Nine months ago – maybe more like 10 – I was a gainful beer brewer, extracting sugars from malted barley like a champ, boiling down the resulting wort with some Belgian candi sugar and mild hops, crashing the sweet liquid’s temperature down to what is tolerable to a hungry, awakening yeast cell, and then pitching the yeast like a fireballer in the ninth.
Do you know how many brewing awards I won? None. That was part of my art: to win no awards while brewing award-caliber beer.
Then I decided to stop brewing for a bit to put an addition onto my house, and it’s as if the whole beer industry fell apart. I come back from my brewing hiatus to learn that Boston Homebrew Supply has shut down. Zounds! How is a fellow supposed to surreptitiously brew a beer while his wife, who doesn’t read this blog (I think), is in Chicago doing who-knows-what with people from work? “In a conference.” Ha! Probably brewing beer with the gals, secretly, as we all know that women are poised to take over everything, including beer brewing.
But anyway… where was I? Oh yeah, Boston Homebrew Supply and its proprietor, Tom Casey, are no longer. Well, Tom himself still likely exists, but his venture and its website are now history.
Alas, I am made to go to the Modern Homebrew Emporium in Cambridge, or get my grains delivered in the mail, thus burning more fossil fuels and foreshortening the survival of our species by some fraction of a day. But at least we’ll have beer as we lurch forward toward the abyss.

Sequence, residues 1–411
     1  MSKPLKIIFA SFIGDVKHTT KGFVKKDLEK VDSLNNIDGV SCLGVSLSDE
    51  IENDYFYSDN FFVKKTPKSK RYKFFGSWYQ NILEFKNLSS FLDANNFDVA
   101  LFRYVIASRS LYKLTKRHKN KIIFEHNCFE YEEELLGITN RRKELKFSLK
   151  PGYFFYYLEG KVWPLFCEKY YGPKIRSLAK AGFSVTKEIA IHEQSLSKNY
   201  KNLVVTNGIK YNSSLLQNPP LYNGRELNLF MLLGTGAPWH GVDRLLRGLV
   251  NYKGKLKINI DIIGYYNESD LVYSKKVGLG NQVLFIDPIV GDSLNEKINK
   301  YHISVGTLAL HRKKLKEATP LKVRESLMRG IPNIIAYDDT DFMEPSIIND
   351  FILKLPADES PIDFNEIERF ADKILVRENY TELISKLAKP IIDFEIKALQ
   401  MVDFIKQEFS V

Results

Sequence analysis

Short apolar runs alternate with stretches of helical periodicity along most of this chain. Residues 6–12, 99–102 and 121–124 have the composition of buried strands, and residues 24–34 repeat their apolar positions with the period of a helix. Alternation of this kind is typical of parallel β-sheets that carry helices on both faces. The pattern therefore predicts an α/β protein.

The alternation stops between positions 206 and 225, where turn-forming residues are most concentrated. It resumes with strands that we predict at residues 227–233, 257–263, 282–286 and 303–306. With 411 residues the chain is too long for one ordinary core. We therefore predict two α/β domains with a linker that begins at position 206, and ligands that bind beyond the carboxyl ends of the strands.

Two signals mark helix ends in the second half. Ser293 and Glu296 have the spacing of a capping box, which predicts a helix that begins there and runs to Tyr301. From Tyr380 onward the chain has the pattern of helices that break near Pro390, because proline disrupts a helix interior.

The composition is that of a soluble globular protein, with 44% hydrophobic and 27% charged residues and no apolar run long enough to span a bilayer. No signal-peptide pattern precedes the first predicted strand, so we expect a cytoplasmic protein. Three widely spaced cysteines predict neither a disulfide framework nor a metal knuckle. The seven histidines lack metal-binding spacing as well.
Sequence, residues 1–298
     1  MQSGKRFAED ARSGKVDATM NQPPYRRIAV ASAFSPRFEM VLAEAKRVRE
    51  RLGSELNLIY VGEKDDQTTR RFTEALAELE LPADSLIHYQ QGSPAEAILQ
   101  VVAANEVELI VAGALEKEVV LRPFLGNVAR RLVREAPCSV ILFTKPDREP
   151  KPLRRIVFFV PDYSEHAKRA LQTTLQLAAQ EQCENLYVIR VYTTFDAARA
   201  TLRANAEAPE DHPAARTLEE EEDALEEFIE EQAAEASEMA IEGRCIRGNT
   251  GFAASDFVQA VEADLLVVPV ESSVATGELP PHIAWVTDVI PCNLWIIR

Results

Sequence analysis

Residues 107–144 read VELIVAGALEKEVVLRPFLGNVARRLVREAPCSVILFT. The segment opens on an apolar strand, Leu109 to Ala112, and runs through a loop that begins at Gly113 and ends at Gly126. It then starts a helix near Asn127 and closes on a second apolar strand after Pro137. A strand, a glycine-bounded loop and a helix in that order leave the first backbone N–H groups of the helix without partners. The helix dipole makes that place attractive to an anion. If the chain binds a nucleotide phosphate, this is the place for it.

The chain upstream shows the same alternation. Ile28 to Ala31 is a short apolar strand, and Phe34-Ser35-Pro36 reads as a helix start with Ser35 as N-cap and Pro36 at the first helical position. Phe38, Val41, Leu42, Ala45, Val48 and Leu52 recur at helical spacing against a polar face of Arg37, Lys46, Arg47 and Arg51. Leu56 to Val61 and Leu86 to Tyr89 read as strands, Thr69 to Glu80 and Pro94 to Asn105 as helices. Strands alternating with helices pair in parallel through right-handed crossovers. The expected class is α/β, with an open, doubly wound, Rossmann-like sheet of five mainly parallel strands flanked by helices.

Recent reports in several fake news media outlets have noted the uncanny similarities between you and me, and I totally get why that is. Our world views are both informed by an old-school brand of reach-across-the-aisle politics that’s in terribly short supply these days; as children, we both suffered immeasurably through chronic health issues that made sleep impossible until doctors took the radical approach of amputation, forcing us to go through life without benefit of tonsils; and we both are master beer brewers.
But that’s where our similarities end. Because while you have embraced the “craft beer” movement, I’ve taken the additional step of focusing my attention on the burgeoning world of Art Beer.
Look, I’m not here to complain. Sure, your “golden ale” is perhaps more khaki than gold, but that’s to be expected from the work of a craftsman. And anyway, no one is complaining about the nuances of color in your beer (except that columnist in Brewer’s Quarterly). Truth is, I’ve loudly praised your efforts and have myself called you “innovative” and “thought-provoking.”